• Ballymaloe was a highlight of a long-ago visit for us too. Their recipe for Turkey White Turkey Brown is an all-time favorite, a real show stopper. Make you proud to be Irish! (The Sullivans hail from nearby County Kerry).

  • I bought her cookbook last spring. I like to read it while laying in my hammock, and dream of my own cookery school in Northern California. But I think that if my dream comes true, there will be no more laying in my hammock!

  • I had a wonderful time teaching at Darina’s extraordinary school, and it is absolutely true about Ireland having terrific fish. The difference is that Italians know how to cook it.

  • Thoroughly enjoy your updates.

    Re: “I’m not a reporter and can’t write very fast (thirty five years working in professional kitchens seem to be taking their toll), plus I’ll never be a journalist because I always get too involved in what I’m seeing or who I’m talking to rather than focusing on taking notes and zeroing in on facts and figures. But I tried to catch as much as I could as she spoke faster than I could jot things down,” FWIW, check out this review of Livescribe’s Echo smartpen:

    http://pogue.blogs.nytimes.com/2010/08/19/a-college-student-reviews-a-smartpen/?scp=2&sq=pen%20for%20note%20taking&st=Search

    Cheers,
    Frank

  • I’m so jealous of you being able to go back to make Sloe gin. It is nectar.

  • Thanks for giving us an inside peak into Ballymaloe. I only just learned about Darina Allen and Ballymaloe after reading a review of her new book Forgotten Skills of Cooking. I’m starting a cookbook club and, because Darina Allen just sounds so darn impressive, I have added two of her books—the Forgotton Skills book plus Irish Traditional Cooking—to my “wishlist” of cookbooks for the club. But I see that she has written several more. Which would you recommend for American home cooks new to Darina Allen? Do you have a favorite? By the way, we give our chickens kitchen scraps too, but indirectly. They get into our compost pile.

  • Places like Ballymaloe, which has me dreaming just reading about it, seem like heaven on earth. Why bother with rain on dreary pavement and office jobs when you could be having your own amazing farm and giving cooking classes? I’ve got something to daydream about today ;)

  • Hmm… already dreaming about a cooking class at Ballymaloe :)

  • Sounds like heaven on earth. A visit and some classes is now on my bucket list.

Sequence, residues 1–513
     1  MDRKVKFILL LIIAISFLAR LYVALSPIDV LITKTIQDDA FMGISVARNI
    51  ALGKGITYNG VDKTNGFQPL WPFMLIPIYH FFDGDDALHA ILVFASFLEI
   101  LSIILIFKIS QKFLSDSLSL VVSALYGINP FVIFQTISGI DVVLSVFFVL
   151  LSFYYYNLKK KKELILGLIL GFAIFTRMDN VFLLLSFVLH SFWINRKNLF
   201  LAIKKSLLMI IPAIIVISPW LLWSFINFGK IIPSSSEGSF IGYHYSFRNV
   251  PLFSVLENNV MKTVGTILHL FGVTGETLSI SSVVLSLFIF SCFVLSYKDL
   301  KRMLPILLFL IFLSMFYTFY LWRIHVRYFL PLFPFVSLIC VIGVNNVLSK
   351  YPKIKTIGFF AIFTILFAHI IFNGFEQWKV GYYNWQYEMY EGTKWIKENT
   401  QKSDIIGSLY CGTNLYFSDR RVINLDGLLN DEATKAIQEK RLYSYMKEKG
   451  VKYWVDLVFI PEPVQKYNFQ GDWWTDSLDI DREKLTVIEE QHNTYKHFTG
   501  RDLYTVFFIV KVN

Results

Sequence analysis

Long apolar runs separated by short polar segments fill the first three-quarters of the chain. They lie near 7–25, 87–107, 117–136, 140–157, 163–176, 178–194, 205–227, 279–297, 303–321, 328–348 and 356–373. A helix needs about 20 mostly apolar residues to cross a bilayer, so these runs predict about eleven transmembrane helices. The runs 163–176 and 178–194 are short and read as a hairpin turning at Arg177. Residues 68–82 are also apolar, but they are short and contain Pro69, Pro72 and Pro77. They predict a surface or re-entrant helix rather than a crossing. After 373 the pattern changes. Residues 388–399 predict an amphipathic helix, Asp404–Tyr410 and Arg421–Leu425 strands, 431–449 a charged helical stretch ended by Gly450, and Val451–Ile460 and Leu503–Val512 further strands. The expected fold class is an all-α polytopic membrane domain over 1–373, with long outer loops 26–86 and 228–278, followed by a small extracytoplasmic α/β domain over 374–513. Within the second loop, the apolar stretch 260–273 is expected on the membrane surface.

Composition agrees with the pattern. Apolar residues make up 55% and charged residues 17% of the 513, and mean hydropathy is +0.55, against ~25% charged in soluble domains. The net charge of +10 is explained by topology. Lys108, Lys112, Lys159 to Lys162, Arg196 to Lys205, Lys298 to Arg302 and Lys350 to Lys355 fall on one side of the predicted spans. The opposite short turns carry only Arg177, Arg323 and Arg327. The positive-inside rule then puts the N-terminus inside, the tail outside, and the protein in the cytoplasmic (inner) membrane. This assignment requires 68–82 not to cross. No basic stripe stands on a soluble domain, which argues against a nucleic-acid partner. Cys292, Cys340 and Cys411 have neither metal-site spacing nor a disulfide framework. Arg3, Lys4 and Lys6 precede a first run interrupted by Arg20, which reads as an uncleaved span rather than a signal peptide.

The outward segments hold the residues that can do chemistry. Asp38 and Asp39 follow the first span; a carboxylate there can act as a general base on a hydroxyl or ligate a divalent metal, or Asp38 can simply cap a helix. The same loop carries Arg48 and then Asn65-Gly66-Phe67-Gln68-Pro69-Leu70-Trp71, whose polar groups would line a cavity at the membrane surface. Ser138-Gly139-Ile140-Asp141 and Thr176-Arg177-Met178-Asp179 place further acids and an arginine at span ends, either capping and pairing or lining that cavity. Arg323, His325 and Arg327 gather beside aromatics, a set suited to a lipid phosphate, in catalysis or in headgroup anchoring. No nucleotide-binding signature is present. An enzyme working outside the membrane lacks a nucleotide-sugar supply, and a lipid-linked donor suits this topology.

• Sounds lovely. I wish we’d visited during our trip to Ireland (mostly The North) last March.

    Also: that is the most charming scarecrow/garden netting I have ever seen.

  • Thank you for sharing your Ballymaloe cooking experience. I would join you for the cooking class, please keep us posted. The cooking school was closed when we visited in August ’08 and I’ve been looking for a way to get back. The sign you posted about bees reminded me of a sign at the Ballymaloe house which became the poetic theme of our family vacation – “drive slowly lambs.” After hustling kids through the city pace of London where arguments and timeouts ensued, the kids and their smiles came alive on the grounds of Ballymaloe where they could roam safely, enjoy nature and its animals and where us parents put on the brakes.

  • Years ago, back when the Food Network in USA was still good, they had a show called “Cooking Live,” where Sara Moulton would have guests on to cook with her, and take live phone call questions from the audience. And one time she had Darina Allen on. And I called in!

    See – ever since I was a kid, I’ve hated corned beef and cabbage. Something about the taste of it is just nasty and disgusting to my palate. And yet us Americans are almost force fed it every St. Patrick’s Day. But at some point in my young adult years, a rumor had reached me that corned beef is NOT something ever served in Ireland.

    So here was this great Irish cook on Sara Moulton’s show, (she was demonstrating an Irish recipe for a roasted and glazed loin of bacon) – and I called in, and they took my call on the air. And I asked whether Irish people really eat corned beef and cabbage, since it’s the only thing most Americans think IS Irish food. And she confirmed that NO, back in Ireland they do NOT eat corned beef – that the choice for a special fancy dinner would more likely be the roast loin of bacon she was demonstrating on the show!

    A-HA! I thought. I am vindicated! I will never again eat corned beef and cabbage, and whenever anyone tries to tell me “but that’s Irish food” I boldly state that NO, it is not, and I have that from the very authority on Irish cooking, Darina Allen herself!

  • Very precise descripton of Darina,her humour and her deep belief in good food. I’m a student of the 12 week course and I love every day of cooking and learning. We are in week 3 now and time is flying.